Canay History, Family Crest & Coats of Arms
The name Canay is of Anglo-Saxon origin. It was name for a swift runner or a timid person. The surname Canay is derived from the Old English words conig and cony, which mean rabbit.  "The fact that Thomas Cony (1323, Freeman of York) was a pelter suggests that the surname may also have denoted a dealer in rabbit-skins, perhaps also a furrier." 
Early Origins of the Canay family
The surname Canay was first found in many counties throughout ancient Britain. The Hundredorum Rolls of 1273 list Richard Conni, Salop (Shropshire) and John Conay, Huntingdonshire. 
"Sire Hubert and Sire William de Coni held lands from Philip Augustus c. 1204. Robert Coignee occurs in Gloucester 1230." 
Richard le Cony was listed in the Subsidy Rolls for Sussex in 1296 and later the same rolls included Robert Cony who held lands in Cambridgeshire in 1327. 
One of the strongholds of the family was found in Lincolnshire where "in the 16th century Richard and Thomas Coney, father and son, who were Merchants of the Staple of Calais, owned the manor - house, Basingthorpe; the same Thomas Coney, who accumulated a great fortune and was High Sheriff of Rutland in 1573. He gave £100 towards the national fund collected for the defence of the country at the time of the expected invasion of the Spanish Armada in 1588." 
From these early entries the name expanded to places like Coney Arm, Newfoundland  and Coney's Castle, an Iron Age hill fort in Dorset, England.
Early History of the Canay family
This web page shows only a small excerpt of our Canay research. Another 132 words (9 lines of text) covering the years 1592, 1595, 1630, 1585, 1794, 1646, 1713, 1645, 1676, 1679, 1682, 1685, 1786, 1833, 1806, 1815 and 1833 are included under the topic Early Canay History in all our PDF Extended History products and printed products wherever possible.
Canay Spelling Variations
Spelling variations in names were a common occurrence before English spelling was standardized a few hundred years ago. In the Middle Ages, even the literate spelled their names differently as the English language incorporated elements of French, Latin, and other European languages. Many variations of the name Canay have been found, including Coney, Coyney, Coyny, Cony, Conney, Conye, Coyney, Cony, Conny, Connay and many more.
Early Notables of the Canay family (pre 1700)
Notables of the family at this time include Robert Conny (also Cony) (1646?-1713), an English physician. He was the "son of John Conny, surgeon, and twice mayor of Rochester, born in or about 1645. He was a member of Magdalen College, Oxford, and proceeded B.A. on 8 June 1676, M.A. 3 May 1679, M.B. 2 May 1682, and M.D. 9 July 1685."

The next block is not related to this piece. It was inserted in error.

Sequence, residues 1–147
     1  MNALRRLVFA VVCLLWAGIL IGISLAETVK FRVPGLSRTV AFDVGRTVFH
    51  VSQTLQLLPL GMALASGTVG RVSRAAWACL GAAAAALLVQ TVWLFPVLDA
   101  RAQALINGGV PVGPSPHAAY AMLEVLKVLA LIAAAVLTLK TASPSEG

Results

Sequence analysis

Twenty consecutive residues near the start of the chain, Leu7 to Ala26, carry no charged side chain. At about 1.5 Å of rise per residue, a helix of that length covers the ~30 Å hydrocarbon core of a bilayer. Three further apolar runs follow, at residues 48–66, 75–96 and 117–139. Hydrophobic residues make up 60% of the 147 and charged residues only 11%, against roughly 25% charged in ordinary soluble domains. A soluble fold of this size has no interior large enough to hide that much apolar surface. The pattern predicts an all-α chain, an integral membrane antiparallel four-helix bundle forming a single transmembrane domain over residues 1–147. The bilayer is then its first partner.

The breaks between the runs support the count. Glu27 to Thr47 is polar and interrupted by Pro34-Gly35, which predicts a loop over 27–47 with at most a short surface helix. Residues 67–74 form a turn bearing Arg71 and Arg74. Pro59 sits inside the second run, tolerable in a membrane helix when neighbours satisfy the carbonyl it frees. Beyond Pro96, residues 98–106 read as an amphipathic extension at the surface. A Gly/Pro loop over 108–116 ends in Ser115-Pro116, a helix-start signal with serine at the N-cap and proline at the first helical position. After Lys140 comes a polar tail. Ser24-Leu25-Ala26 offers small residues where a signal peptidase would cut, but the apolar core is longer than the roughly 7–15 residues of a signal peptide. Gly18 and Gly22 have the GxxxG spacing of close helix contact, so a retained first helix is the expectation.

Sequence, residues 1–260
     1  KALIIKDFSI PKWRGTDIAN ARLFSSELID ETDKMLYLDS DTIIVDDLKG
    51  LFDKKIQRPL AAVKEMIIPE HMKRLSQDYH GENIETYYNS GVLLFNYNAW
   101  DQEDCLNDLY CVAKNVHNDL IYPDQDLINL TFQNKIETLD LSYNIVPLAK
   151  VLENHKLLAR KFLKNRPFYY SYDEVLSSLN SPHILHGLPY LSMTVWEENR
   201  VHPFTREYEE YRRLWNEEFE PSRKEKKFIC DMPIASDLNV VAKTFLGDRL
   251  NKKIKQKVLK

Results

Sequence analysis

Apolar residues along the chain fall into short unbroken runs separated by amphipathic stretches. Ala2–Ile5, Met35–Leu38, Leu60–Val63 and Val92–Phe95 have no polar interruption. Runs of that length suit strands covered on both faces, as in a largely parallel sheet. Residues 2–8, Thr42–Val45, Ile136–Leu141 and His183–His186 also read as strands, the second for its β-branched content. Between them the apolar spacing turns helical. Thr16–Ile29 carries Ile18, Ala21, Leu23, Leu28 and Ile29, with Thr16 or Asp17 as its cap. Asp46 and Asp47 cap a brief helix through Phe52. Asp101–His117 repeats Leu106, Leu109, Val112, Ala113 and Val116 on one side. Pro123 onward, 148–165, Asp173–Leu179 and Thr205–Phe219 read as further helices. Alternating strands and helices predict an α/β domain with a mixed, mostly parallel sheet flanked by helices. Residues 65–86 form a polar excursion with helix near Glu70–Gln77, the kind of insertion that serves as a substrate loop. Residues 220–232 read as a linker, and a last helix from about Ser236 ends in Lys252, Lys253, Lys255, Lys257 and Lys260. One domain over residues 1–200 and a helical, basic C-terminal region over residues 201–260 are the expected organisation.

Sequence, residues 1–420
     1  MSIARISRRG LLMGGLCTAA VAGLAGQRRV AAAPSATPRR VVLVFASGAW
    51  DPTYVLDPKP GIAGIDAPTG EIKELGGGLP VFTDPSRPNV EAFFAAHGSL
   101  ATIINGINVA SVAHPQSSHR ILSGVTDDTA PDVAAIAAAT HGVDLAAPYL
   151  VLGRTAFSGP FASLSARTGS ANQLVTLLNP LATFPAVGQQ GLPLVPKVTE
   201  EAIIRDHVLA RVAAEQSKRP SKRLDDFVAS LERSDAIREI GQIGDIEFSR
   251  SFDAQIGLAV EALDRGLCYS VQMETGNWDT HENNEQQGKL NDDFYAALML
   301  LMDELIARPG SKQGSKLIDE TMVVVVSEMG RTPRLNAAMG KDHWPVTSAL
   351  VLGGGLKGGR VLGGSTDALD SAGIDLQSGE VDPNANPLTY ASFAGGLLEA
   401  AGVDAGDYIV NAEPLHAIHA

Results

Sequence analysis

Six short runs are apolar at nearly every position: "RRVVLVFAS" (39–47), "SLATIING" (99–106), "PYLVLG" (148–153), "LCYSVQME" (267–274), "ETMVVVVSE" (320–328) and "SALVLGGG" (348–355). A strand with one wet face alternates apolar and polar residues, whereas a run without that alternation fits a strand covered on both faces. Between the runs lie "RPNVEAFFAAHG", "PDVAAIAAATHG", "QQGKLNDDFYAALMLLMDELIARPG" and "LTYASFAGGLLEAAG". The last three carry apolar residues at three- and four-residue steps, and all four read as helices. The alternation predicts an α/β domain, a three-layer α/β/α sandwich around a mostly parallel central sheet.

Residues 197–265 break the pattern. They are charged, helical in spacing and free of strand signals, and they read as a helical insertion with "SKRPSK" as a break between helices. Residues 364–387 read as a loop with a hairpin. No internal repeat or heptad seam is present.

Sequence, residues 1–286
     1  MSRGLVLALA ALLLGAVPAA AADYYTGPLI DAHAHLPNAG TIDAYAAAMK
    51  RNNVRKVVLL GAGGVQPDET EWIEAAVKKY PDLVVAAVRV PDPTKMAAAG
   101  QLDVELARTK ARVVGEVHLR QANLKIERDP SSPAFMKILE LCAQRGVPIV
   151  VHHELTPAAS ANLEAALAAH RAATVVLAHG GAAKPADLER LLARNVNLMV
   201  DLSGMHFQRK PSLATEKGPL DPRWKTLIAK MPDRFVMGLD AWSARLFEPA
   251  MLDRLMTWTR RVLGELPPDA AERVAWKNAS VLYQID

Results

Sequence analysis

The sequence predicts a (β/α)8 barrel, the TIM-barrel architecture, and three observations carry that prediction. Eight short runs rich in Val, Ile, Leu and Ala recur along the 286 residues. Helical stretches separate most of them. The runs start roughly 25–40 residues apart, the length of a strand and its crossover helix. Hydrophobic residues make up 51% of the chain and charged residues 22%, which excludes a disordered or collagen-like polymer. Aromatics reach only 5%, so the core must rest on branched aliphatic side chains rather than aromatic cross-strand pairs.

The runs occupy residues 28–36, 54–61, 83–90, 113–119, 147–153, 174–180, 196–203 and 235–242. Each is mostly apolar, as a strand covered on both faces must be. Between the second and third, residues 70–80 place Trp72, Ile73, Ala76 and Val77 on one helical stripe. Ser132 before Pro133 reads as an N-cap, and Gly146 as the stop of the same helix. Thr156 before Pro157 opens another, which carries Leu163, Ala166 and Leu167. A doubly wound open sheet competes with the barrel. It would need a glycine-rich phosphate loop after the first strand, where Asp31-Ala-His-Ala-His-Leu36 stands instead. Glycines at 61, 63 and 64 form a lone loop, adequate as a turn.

John Coney (1786-1833), was an English draughtsman and engraver, born in Ratcliff Highway, London. He was apprenticed to an architect, but never followed the profession. Among his early studies were pencil...
Another 92 words (7 lines of text) are included under the topic Early Canay Notables in all our PDF Extended History products and printed products wherever possible.
Migration of the Canay family to Ireland
Some of the Canay family moved to Ireland, but this topic is not covered in this excerpt. More information about their life in Ireland is included in all our PDF Extended History products and printed products wherever possible.
Migration of the Canay family
Families began migrating abroad in enormous numbers because of the political and religious discontent in England. Often faced with persecution and starvation in England, the possibilities of the New World attracted many English people. Although the ocean trips took many lives, those who did get to North America were instrumental in building the necessary groundwork for what would become for new powerful nations. Among the first immigrants of the name Canay, or a variant listed above to cross the Atlantic and come to North America were: John Connay arrived in Philadelphia in 1865; Edmund Conney arrived in Barbados in 1680; John Conney settled in Boston in 1763; Richard Coney settled in New England in 1665.
- ^ Bardsley, C.W, A Dictionary of English and Welsh Surnames: With Special American Instances. Wiltshire: Heraldry Today, 1901. Print. (ISBN 0-900455-44-6)
- ^ Reaney, P.H and R.M. Wilson, A Dictionary of English Surnames. London: Routledge, 1991. Print. (ISBN 0-415-05737-X)
- ^ The Norman People and Their Existing Descendants in the British Dominions and the United States Of America. Baltimore: Genealogical Publishing, 1975. Print. (ISBN 0-8063-0636-X)
- ^ Guppy, Henry Brougham, Homes of Family Names in Great Britain. 1890. Print.
- ^ Seary E.R., Family Names of the Island of Newfoundland Montreal: McGill's-Queen's University Press 1998. Print. (ISBN 0-7735-1782-0)
- ^ Smith, George (ed), Dictionary of National Biography. London: Smith, Elder & Co., 1885-1900. Print